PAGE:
Clinical Advances in Hematology & Oncology
October 2016, Volume 14, Issue 10
Umbilical Cord Blood Beats HLA-Mismatched Unrelated Donor Cells in Stem Cell Transplant
For patients with minimal residual disease who undergo a stem cell transplant, overall survival is better for those who receive umbilical cord blood than for those who receive human leukocyte antigen (HLA)-mismatched cells from an unrelated donor, according to a retrospective study. The study also found a trend among patients with minimal residual disease toward better overall survival with cord blood than with HLA-matched cells from an unrelated donor.
For the study, which appeared in the September 8 issue of the New England Journal of Medicine, Dr Filippo Milano and colleagues identified 582 patients with acute leukemia or myelodysplastic syndrome who received stem cell transplant using cells from an umbilical cord blood donor (140 patients), an HLA-matched unrelated donor (344 patients), or an HLA-mismatched unrelated donor (98 patients). Donors were considered HLA matched if all 10 HLA values matched, and HLA mismatched if 9 of 10 HLA values matched.
Among patients who had minimal residual disease, the risk of death was significantly higher in the HLA-mismatched group than in the cord blood group (hazard ratio [HR], 2.92; 95% CI, 1.52-5.63; P=.0001) and trended toward being higher in the HLA-matched group than in the cord blood group (HR, 1.69; 95% CI, 0.94-3.02; P=.08). The risk of relapse among these patients also was significantly higher in both unrelated donor groups than in the cord blood group.
Among patients who did not have minimal residual disease, there were trends toward worse overall survival and relapse rates in the unrelated donor groups vs the cord blood group, but the differences were not statistically significant.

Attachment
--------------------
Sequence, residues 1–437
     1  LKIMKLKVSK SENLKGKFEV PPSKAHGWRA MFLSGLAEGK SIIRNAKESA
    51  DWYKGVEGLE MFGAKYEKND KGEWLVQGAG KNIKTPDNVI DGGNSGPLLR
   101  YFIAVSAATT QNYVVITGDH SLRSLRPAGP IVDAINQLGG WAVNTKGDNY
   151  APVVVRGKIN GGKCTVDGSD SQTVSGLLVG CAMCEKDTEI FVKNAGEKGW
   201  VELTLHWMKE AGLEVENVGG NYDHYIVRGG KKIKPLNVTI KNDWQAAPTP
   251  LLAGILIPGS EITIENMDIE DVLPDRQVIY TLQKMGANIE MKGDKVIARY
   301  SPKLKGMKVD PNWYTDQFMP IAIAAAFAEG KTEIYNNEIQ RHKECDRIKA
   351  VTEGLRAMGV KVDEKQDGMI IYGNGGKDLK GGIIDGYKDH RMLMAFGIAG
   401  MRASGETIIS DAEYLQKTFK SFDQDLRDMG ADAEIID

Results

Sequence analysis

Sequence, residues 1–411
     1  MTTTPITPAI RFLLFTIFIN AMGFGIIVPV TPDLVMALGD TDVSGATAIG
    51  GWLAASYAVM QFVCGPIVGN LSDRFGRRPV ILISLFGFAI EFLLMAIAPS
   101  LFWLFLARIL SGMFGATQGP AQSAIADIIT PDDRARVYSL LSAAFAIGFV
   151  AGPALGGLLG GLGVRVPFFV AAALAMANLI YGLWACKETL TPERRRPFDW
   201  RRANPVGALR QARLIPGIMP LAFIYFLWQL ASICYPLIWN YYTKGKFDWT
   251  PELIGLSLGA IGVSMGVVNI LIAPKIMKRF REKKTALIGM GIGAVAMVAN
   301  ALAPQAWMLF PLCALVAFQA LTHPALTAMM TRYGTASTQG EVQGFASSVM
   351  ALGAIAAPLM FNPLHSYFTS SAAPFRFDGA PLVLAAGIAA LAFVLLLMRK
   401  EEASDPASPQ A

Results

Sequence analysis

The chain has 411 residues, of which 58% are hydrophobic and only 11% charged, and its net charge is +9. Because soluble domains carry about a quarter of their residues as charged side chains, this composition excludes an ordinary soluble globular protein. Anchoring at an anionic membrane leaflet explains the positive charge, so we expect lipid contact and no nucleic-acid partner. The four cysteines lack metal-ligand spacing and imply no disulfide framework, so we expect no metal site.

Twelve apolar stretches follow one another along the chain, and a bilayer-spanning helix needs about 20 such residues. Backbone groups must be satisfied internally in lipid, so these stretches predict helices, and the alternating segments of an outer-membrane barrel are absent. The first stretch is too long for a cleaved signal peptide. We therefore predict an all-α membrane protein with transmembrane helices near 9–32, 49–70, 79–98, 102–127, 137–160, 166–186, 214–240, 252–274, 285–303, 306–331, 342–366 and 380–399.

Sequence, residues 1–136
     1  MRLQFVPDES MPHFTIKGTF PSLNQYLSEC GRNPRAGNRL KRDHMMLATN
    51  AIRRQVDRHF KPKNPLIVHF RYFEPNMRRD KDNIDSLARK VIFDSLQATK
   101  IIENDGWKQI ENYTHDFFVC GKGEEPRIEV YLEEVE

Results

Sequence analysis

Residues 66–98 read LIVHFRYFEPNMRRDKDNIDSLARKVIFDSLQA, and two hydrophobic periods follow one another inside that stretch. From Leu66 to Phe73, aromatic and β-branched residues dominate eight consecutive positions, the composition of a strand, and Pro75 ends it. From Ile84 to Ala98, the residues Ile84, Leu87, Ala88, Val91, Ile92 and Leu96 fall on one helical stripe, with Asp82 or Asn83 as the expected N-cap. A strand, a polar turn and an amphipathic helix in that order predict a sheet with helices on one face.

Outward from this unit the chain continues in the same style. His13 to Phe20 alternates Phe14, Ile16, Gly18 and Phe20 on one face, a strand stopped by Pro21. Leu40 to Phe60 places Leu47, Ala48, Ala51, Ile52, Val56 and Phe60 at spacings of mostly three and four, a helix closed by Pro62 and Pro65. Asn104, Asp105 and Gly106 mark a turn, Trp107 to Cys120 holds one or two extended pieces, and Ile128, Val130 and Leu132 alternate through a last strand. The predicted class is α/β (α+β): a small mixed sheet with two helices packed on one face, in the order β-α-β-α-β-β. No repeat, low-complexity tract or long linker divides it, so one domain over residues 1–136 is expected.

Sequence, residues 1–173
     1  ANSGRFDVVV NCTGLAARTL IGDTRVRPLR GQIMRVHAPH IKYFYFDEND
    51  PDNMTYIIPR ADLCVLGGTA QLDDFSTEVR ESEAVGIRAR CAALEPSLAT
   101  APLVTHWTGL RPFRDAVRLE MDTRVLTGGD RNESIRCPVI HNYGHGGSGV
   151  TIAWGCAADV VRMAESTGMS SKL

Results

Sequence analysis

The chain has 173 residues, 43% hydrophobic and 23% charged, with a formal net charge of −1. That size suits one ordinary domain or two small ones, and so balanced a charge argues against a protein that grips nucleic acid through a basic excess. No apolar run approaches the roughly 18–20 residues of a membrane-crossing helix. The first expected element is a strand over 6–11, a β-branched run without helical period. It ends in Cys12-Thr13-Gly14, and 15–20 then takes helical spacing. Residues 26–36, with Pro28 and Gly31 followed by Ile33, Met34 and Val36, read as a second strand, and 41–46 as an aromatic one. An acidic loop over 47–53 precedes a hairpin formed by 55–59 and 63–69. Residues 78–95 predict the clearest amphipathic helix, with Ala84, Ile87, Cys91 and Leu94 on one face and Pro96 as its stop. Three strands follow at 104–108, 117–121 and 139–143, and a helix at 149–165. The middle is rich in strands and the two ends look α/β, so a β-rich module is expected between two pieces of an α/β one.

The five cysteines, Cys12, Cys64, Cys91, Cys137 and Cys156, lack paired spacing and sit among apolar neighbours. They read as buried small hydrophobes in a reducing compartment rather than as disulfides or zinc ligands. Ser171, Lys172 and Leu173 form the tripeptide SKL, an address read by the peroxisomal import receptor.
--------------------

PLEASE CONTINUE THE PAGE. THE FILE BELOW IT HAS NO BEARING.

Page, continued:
The majority of patients in need of an allogeneic stem cell transplant—approximately 70%—do not have an HLA-identical sibling and therefore need an alternative. The authors pointed out that the ability to use umbilical cord blood for stem cell transplant “is particularly important for patients from nonwhite racial and ethnic minority groups, because it can be difficult to find an HLA-matched unrelated donor for such patients.” The use of cord blood permits greater HLA disparity and the ability to find suitable donors for nearly all patients.
Active Surveillance, Surgery, and Radiotherapy All Good Options in Localized Prostate Cancer
Mortality rates are equally low for men with localized prostate cancer whether they receive active surveillance, surgery, or radiotherapy, according to a new randomized trial. More cases of disease progression and metastases occur with active surveillance, however.
For the trial, Dr Freddie C. Hamdy and colleagues randomly assigned 1643 patients in the United Kingdom with localized prostate cancer to receive active surveillance (545 patients), radical prostatectomy (553 patients), or external-beam radiation plus androgen-deprivation therapy (545 patients). Results appeared online on September 14 in the New England Journal of Medicine.
After a median of 10 years of follow-up, the rate of prostate cancer–specific mortality was not significantly different among the 3 groups, at 1.5 deaths per 1000 person-years in the active surveillance group (95% CI, 0.7-3.0), 0.9 deaths per 1000 person-years in the surgery group (95% CI, 0.4-2.2), and 0.7 deaths per 1000 person-years in the radiotherapy group (95% CI, 0.3-2.0; P=.48 for the overall comparison). There also was no significant difference among the groups in the overall mortality rate. Metastases were more common in the active surveillance group than in the surgery or radiation group, and the rate of disease progression was higher.
In a companion publication in the same issue, Dr Jenny L. Donovan and colleagues looked at patient-reported outcomes among the same men. Patients completed questionnaires before diagnosis, at 6 and 12 months after randomization, and every 12 months thereafter.
The researchers found that surgery had the largest negative effect on sexual function and urinary continence. Radiotherapy also affected sexual function, especially at 6 months, but had little effect on urinary incontinence. Patients in the active surveillance group experienced a gradual decline in sexual and urinary function. Radiotherapy was the only treatment that affected bowel function, with the greatest impact seen at 6 months. Anxiety, depression, and quality of life were not significantly different among the groups.
In a related editorial, Dr Anthony V. D’Amico concluded that “men with low-risk or intermediate-risk prostate cancer should feel free to select a treatment approach using the data on health-related quality of life and without fear of possibly selecting a less effective cancer therapy.”